In light of an unusually busy week for me, there are only two observations for this week’s edition of The Film Room. Well, technically, that I have to come up with a new name for this week because there aren’t five observations is one in and of itself. Anyway, allow me to talk you through the Sixers’ death lineup—that is, the lineup that drives them, not their opponents, into the ground. Then, I yell at the Spurs for taking long twos.
The Sixers’ Spaceless Lineup Must Stop
Dilate your eyes now, because this is so ugly it’s actually somewhat funny. Doc Rivers feels the need to play one of Joel Embiid and Ben Simmons at all times. That makes sense, they’re both dominant on the defensive end. Simmons generates offense with passing and pace in transition. Embiid dominates with incredible scoring. It makes sense to stagger a pair of stars in their mid-twenties. What doesn’t make a lick of sense is Rivers’ decision to put Dwight Howard and Matisse Thybulle on the playground with Simmons. The Sixers are being outscored by 11.6 points per 100 possessions in 137 minutes played with Simmons and Howard on the court together. Those numbers get smacked in the face with a shovel when Thybulle is added to the equation. The Sixers are being outscored by 22.6 points per 100 possessions in 57 minutes played with Simmons, Thybulle, and Howard on the court. Even with theoretical shooters taking the other two spots in the lineup, the spacing is no better. In fact, it makes life hell for them, too.
Markieff Morris is playing so far off of Thybulle on this possession that it borders on parodical. That exaggerated help positioning also takes away Shake Milton’s lane to the rim, forcing him to acquiesce to giving the ball to Howard in the post. By the time Howard turns over his left shoulder for a finish, there is effectively a triple contest on him. The Lakers know Howard lacks crafty court vision and isn’t a threat to make a creative pass, and they’re not even remotely afraid of Thybulle or Korkmaz. Howard is able to draw the foul on this play, but there are far too many possessions ending without a shot attempt much less a basket with that 2-3 man grouping.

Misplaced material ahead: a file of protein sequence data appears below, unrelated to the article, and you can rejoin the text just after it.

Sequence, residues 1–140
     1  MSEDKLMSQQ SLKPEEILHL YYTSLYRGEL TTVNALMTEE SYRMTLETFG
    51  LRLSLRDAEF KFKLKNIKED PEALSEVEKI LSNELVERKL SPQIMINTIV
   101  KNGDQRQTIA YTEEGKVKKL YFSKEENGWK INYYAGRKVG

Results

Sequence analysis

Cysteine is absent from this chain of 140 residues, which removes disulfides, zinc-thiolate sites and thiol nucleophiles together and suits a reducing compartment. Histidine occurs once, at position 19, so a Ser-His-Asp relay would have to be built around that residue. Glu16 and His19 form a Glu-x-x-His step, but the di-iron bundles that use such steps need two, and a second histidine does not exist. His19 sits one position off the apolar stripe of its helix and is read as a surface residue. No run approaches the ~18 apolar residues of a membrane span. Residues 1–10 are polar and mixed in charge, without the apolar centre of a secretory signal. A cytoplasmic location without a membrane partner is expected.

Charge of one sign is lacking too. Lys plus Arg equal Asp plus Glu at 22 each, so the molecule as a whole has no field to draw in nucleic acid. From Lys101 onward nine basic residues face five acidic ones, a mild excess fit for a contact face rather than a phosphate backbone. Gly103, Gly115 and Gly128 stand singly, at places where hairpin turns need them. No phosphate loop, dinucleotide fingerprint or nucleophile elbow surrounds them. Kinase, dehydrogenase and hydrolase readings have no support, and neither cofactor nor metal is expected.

Looking at those numbers, and observing how there’s really been no progress towards a sustainable solution to those issues through almost twenty games, it seems logical that Philly looks to add a stretch big to the mix for Simmons lineups without Embiid. That doesn’t mean Howard rides the bench, it just means he is used situationally.
The Sixers need to start winning games when Embiid sits, and adding a big man that can offer perimeter spacing would clear up lanes for Simmons to put pressure on the rim and help generate shots for the other players in the lineup. If Daryl Morey and Elton Brand can find one on the trading block or the buyout market (I expect this season’s buyout market is going to be thin), you will see Philly win more of those games.
Adapting Or Dying In San Antonio
The Spurs are staying afloat at 11-9. In the West, that’s tied with Golden State for the eight-seed. They give up just under 110 points per 100 possessions–redeemable at exactly average for an NBA team. They are the best in the league at taking care of the basketball–coughing it up just eleven times per game. So, they’re a fine defensive team, and they typically don’t give away possessions on offense. The Spurs are also top-ten at forcing offenses off of the three-point line, surrendering fewer than 33 attempts per game. So, why are they 11-9? Sometimes, basketball isn’t that complicated, and this would be one of those times.
The Spurs’ opponents connect on slightly fewer than thirteen three-point attempts per game, which grades out to be average for an NBA team’s opponents. The issue is that the Spurs barely attempt more than thirty threes per game–third fewest in the league. What’s surprising is that they actually are a respectable three-point shooting team, converting nearly 37 percent of their attempts. When teams attempt so few threes, they have to connect on a much bigger portion of those attempts to keep pace with other teams. The Spurs are outscoring opponents by .2 points per 100 possessions, which means their margin of error on offense is razor-thin since they don’t attempt enough triples to keep pace with opponents. Instead, they do a lot of this:
The Spurs attempt more than ten long twos per game, third most in the league. Those shots are fine if you’re making more than 55-60 percent of those attempts. The Spurs, however, are making less than 49 percent of their attempts. Those long twos, such as the one above, have to be threes. The potential value of the three-point shot far exceeds the probability that those long twos are deposited. When you consider that, it makes no sense not to step back and wind it up from beyond the arc.
The Spurs, even with their ability to adapt to different styles of play over the last three decades, just don’t want to buy into the three-point game. A lot of that is personnel–LaMarcus Aldridge and DeMar DeRozan are not distance snipers. But, the management and coaching staff are the ones who put that personnel on the court. The Spurs clearly don’t want to buy into the long distance era, but you must adapt to the trends or die trying to survive on outdated systems.
Featured Image: AP Photo/Tony Dejak